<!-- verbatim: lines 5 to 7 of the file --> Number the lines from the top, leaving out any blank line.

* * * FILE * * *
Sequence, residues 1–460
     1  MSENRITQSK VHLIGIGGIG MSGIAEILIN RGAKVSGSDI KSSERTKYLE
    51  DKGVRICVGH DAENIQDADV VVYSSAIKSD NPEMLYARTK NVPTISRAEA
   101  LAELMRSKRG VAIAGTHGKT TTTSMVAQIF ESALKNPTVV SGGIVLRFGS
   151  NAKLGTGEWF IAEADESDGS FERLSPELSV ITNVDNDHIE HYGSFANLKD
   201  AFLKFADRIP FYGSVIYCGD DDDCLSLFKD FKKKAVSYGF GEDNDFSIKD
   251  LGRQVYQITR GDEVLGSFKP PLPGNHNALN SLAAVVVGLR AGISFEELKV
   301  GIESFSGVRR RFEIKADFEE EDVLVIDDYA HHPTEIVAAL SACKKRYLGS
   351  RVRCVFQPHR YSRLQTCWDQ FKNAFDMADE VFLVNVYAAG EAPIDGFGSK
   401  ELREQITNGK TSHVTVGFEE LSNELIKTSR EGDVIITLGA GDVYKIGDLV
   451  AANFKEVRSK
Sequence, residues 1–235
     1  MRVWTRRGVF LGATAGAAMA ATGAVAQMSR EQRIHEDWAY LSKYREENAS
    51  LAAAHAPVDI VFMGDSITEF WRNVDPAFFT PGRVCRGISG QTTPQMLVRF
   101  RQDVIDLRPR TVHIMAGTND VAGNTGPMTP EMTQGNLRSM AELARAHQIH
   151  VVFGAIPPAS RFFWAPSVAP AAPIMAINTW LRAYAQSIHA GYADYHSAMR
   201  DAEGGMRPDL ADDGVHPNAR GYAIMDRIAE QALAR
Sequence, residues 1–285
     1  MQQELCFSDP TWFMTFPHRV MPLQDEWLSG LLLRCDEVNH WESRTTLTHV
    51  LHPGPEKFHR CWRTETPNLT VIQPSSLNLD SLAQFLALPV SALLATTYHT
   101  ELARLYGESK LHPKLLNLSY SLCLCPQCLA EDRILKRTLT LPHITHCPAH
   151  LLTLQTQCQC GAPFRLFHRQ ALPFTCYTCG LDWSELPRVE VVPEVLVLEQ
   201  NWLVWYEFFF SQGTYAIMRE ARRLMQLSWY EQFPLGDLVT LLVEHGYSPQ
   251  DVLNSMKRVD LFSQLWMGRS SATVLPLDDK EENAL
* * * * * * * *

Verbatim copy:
   151  NAKLGTGEWF IAEADESDGS FERLSPELSV ITNVDNDHIE HYGSFANLKD
   201  AFLKFADRIP FYGSVIYCGD DDDCLSLFKD FKKKAVSYGF GEDNDFSIKD
   251  LGRQVYQITR GDEVLGSFKP PLPGNHNALN SLAAVVVGLR AGISFEELKV